The Golden Lands, by Vikram Lall – JF Publishing in partnership with Abbeville Press, September 2014 – international/publisher-direct ISBN 9789670138039
Here are some answers to frequent questions about The Golden Lands book – and please feel free to add comments on this post or contact us with further questions.
What is the book about?
This is a study of the architectural history of Buddhist stupas, temples, monasteries, and temple complexes, through the eyes of a professional architect, covering many famous historical (and living Buddhist) monuments in Southeast Asia, as well as documenting a series of lesser-known sites.
The book is in “coffee table” size and is extensively illustrated with beautiful colour photographs, as well as diagrams and maps.
Eventually the whole (planned six book) Architecture of the Buddhist World series will extend this survey to cover all regions of the world up to and including modern Buddhist architecture.
What’s significant about the book?
Firstly, there are very few books exclusively focusing on the architecture of Buddhist sites, as mostly studies focus on art, sculpture, history, or religious use. These aspects are not ignored in our book, but the author, Vikram Lall, being a professional architect as well as academic lecturer means that we have focused on the history and interpretation of the architecture as the main theme.
Secondly, significant fresh research is presented in the book through over 100 3D architectural diagrams, for which the editorial team undertook extensive travel and surveying work at many different sites. These diagrams offer new insights to the layout, symbolism, and structural design of the buildings and complexes.
What type of reader is the book aimed at?
Thanks to the beautiful presentation and lucid text, the book is suitable for an educated lay audience, as well as being authoritative and rigorous for academic consumption.
Knowledgeable architects and historians will enjoy the fresh look at the wide range of different sites, and newcomers to the subject will surely be inspired to plan their first (or more cultural) travels to these countries.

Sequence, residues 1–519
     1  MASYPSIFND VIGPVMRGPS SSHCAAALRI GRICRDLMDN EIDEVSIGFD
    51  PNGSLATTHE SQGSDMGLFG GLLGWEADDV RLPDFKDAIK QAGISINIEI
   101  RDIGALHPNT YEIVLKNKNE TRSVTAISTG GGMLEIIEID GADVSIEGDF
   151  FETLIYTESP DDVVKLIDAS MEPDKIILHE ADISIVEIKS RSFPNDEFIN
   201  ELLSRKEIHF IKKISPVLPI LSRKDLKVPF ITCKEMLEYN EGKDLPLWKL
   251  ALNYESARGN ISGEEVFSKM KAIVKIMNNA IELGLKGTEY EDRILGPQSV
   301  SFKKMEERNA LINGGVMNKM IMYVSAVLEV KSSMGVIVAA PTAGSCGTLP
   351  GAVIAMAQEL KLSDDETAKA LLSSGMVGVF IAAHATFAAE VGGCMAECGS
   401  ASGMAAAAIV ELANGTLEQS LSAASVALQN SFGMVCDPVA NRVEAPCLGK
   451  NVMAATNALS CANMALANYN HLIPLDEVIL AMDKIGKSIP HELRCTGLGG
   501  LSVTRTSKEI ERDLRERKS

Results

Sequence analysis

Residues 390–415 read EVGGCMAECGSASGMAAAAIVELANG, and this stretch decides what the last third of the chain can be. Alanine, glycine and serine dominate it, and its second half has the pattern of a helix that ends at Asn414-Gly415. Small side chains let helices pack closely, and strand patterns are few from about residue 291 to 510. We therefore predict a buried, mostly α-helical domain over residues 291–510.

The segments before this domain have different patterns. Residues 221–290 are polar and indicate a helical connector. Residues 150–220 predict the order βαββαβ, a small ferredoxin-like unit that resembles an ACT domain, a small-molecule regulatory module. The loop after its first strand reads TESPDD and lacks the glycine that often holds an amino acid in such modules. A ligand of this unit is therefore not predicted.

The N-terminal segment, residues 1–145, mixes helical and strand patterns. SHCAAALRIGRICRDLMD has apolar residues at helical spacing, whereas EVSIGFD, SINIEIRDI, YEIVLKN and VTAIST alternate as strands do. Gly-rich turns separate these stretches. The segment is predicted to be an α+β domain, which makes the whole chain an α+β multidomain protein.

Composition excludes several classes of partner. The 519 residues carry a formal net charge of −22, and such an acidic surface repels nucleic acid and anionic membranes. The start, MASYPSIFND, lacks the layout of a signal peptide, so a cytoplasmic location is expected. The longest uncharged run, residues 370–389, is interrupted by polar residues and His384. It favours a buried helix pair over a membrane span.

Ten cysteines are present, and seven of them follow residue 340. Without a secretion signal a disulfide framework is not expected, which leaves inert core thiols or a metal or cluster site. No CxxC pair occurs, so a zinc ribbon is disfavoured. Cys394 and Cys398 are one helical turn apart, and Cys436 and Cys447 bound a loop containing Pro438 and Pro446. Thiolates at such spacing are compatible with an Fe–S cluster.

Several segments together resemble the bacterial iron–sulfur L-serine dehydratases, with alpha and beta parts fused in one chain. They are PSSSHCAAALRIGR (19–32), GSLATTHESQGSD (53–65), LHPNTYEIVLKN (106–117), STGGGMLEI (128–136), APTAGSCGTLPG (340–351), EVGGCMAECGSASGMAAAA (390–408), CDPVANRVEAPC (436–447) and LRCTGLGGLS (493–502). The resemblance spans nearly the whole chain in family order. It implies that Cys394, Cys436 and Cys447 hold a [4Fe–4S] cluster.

What’s included in the book?
The book starts with a general historical and architectural introduction, and then has 6 sections, one for each country in the following generally historical order: Myanmar (Burma), Vietnam, Indonesia, Cambodia, Thailand, and Laos. In each country section there is a general survey and then several specific sites are analyzed. A full contents listing can be found here.
What was the inspiration for this book?
JF Publishing is an independent publisher and we have always been focused on books that bring amazing cultural and spiritual discoveries to our readers, with titles ranging from a best-selling guide to Qigong for busy executives, to a lavishly illustrated introduction to the world’s most beautiful gardens.
With this latest series, we wish to contribute a lasting reference for Buddhists to some of their wonders of the world, in particular from a rigorous historical and architectural point of view, which is so important when it comes to modern-day conservation and informing future generations of caretakers of these sacred places.
Meanwhile we aim to make these beautiful and inspiring places better known to non-Buddhists across the world, firstly to architects who may begin the study from a professional basis and be drawn into some of the wider wonders, and secondly to intellectually curious art and history lovers worldwide who might have missed out on so much of this crucial world culture in a mainly western-oriented education system.
What other materials are available?
We are publishing many general-interest articles on this site architectureofbuddhism.com around the topics of The Golden Lands, travel to Southeast Asia, and Buddhism generally. We will also release a series of free maps to complement the book.
What are the launch events?
The first launch events will be from 1st September 2014 in London, with a series of book signings in other cities internationally in the months after: please see the separate list of events on this site.
Can I get involved?
We would love to hear from you for–
Bookshops interested in hosting signings or wishing to sell the book
Media, writers and publications to review the book